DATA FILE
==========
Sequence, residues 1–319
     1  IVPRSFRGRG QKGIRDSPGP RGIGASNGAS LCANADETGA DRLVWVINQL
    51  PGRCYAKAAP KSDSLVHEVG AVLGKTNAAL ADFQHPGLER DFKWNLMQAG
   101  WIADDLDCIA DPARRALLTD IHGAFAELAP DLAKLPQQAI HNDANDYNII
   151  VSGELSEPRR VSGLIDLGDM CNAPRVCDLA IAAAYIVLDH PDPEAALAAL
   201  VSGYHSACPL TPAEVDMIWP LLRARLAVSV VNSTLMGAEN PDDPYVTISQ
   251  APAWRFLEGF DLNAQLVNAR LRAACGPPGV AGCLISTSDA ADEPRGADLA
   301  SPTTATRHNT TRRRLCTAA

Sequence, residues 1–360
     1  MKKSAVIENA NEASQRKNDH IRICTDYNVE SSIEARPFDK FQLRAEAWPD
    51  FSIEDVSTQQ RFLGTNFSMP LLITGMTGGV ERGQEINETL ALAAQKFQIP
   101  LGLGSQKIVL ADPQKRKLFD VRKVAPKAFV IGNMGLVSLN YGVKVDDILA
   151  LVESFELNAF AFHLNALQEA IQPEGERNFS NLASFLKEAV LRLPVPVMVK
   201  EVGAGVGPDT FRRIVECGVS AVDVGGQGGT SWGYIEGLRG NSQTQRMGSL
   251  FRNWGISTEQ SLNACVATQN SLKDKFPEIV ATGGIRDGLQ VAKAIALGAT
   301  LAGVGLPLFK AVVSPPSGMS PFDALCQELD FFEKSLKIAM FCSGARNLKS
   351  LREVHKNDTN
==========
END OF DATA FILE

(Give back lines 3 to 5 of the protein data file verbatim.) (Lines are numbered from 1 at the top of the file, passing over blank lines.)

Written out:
    51  PGRCYAKAAP KSDSLVHEVG AVLGKTNAAL ADFQHPGLER DFKWNLMQAG
   101  WIADDLDCIA DPARRALLTD IHGAFAELAP DLAKLPQQAI HNDANDYNII
   151  VSGELSEPRR VSGLIDLGDM CNAPRVCDLA IAAAYIVLDH PDPEAALAAL